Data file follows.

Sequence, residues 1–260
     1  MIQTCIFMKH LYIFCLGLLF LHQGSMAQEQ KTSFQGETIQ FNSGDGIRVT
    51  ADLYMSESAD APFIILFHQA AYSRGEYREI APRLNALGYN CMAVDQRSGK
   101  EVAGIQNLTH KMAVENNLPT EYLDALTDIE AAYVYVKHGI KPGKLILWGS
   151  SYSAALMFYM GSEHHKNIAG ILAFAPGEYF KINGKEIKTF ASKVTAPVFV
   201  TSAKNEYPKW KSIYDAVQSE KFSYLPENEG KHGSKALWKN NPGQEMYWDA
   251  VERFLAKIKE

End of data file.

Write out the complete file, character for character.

Sequence, residues 1–260
     1  MIQTCIFMKH LYIFCLGLLF LHQGSMAQEQ KTSFQGETIQ FNSGDGIRVT
    51  ADLYMSESAD APFIILFHQA AYSRGEYREI APRLNALGYN CMAVDQRSGK
   101  EVAGIQNLTH KMAVENNLPT EYLDALTDIE AAYVYVKHGI KPGKLILWGS
   151  SYSAALMFYM GSEHHKNIAG ILAFAPGEYF KINGKEIKTF ASKVTAPVFV
   201  TSAKNEYPKW KSIYDAVQSE KFSYLPENEG KHGSKALWKN NPGQEMYWDA
   251  VERFLAKIKE